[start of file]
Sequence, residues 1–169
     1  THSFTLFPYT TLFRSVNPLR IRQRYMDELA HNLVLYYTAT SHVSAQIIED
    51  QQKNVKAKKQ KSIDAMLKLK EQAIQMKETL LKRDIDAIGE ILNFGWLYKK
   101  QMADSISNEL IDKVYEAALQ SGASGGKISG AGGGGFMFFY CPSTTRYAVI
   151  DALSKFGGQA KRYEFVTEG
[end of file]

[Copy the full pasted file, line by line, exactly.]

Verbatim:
Sequence, residues 1–169
     1  THSFTLFPYT TLFRSVNPLR IRQRYMDELA HNLVLYYTAT SHVSAQIIED
    51  QQKNVKAKKQ KSIDAMLKLK EQAIQMKETL LKRDIDAIGE ILNFGWLYKK
   101  QMADSISNEL IDKVYEAALQ SGASGGKISG AGGGGFMFFY CPSTTRYAVI
   151  DALSKFGGQA KRYEFVTEG